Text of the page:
FOR IMMEDIATE RELEASE
The 2016 Secchi Dip-In:
22 Years of Volunteers Monitoring Our Waters
From July 1 until July 31, 2016, volunteers participating in the Secchi Dip-In will be collecting transparency data in the United States and Canada. Water transparency is affected by changes in nutrient levels, biological activity, and changes in the temperature structure of the lake. Changes in water transparency may signal changes in land use or the success of efforts to restore waterbodies to better conditions.
The Dip-In is an international effort in which volunteers produce a “snapshot” of the transparency of water in the United States and Canada. Sponsored by the North American Lake Management Society, the Dip-In was created by former Kent State University scientist, Dr. Robert Carlson. The Secchi Dip-In began in 1994 with six Midwest states, but has since expanded to include more than 400 programs and 9,000 volunteers in the U.S., Canada, and several other countries. The Dip-In has generated more than 41,000 water transparency records which can be used to detect trends in water transparency.
Carlson said that he wanted to find a way to produce a scientific “snapshot” of the trends in water quality of the world’s waterbodies. Such a project could only be done using the thousands of volunteers who routinely measure transparency in local volunteer programs. The Dip-In is a chance for volunteers to contribute to a global effort by taking a measurement in their local environment. Although the Dip-In accepts data from all types of turbidity instruments, most volunteers will use an instrument called a “Secchi disk,” a flat, horizontal, black and white disk that is lowered from a rope into the water until it disappears. The depth the disk disappears is a measure of the transparency of the water. The disk itself is named after the Jesuit priest, Pietro Angelo Secchi, who first used the disk more than 150 years ago.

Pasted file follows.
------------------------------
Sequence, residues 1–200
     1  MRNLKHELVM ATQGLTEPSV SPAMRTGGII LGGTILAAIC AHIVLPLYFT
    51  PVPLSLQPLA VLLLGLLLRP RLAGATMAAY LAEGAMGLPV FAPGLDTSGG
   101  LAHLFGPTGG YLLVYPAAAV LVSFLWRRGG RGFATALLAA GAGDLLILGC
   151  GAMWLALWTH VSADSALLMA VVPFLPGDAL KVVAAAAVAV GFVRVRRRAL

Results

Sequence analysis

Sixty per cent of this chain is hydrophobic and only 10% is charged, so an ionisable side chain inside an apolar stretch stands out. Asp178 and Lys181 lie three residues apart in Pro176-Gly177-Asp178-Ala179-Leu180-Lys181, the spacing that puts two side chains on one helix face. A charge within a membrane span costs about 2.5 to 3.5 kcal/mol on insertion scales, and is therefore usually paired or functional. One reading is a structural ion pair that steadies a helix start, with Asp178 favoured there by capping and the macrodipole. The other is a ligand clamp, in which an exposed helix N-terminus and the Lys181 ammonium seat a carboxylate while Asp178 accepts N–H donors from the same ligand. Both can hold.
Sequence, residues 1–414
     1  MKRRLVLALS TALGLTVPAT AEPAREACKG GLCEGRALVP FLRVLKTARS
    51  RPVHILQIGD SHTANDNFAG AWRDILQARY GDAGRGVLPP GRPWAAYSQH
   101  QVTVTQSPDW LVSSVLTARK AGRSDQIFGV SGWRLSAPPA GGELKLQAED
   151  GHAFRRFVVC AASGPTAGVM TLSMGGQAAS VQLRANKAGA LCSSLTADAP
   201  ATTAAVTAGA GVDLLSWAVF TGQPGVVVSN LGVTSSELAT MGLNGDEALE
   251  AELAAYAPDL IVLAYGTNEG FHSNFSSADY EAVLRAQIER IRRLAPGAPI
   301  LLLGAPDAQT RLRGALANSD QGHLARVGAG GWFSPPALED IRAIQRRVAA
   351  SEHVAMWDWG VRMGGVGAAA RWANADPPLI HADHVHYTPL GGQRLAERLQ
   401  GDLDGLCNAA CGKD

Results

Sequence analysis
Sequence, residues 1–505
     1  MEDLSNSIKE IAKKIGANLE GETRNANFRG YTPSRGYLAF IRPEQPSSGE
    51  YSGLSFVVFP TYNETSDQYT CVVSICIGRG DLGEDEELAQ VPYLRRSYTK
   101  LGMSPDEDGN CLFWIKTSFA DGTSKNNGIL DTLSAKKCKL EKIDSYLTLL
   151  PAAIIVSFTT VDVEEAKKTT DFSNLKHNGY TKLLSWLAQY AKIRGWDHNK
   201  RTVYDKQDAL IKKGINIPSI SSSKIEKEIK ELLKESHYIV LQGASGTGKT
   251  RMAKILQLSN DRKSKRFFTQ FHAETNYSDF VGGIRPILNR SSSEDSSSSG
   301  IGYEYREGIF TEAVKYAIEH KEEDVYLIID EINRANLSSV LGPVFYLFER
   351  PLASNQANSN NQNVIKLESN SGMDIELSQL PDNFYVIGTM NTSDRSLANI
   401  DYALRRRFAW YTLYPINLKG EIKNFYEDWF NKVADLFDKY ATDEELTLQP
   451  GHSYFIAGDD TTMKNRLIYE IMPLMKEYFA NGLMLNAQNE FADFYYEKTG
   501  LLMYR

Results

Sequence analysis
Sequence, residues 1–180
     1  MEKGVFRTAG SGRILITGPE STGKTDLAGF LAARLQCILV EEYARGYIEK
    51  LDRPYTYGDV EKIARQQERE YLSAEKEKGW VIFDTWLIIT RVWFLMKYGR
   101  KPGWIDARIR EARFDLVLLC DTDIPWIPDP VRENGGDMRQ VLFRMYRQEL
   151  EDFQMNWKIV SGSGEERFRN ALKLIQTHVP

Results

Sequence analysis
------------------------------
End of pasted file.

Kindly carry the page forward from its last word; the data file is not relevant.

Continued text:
Previous Dip-Ins have provided valuable information about transparency. Transparencies found during the Dip-In range from one inch to more than 65 feet. Waterbodies in the northern parts of the United States and in Canada typically have the clearest lakes, while lakes in agricultural regions of the Midwest have some of the lowest transparencies. Remarkably, most of the lakes that are exhibiting change are also in this northern part of the continent.
The Dip-In has found that the volunteer’s perception of water quality varies considerably from region to region. A person in Minnesota, Maine or Canada, for example, may think that a lake is degraded if the transparency is six feet while in other states, a lake with a transparency of only a foot may be considered beautiful. Carlson suggests that these regional differences mean that people become accustomed to the quality that they see every day. Most sobering may be the possibility that everyone grows up thinking that their environment is normal. Small changes in water quality may go unnoticed. Fortunately, there are volunteer monitors who record these changes in water quality year after year. Without their observations, our environment might change unnoticed.
More information on the Dip-In, including participating programs and results for past Dip-Ins, is available at: www.secchidipin.org.
Director of Membership and Marketing, North American Lake Management Society
p. 608.233.2836 f. 608.233.3186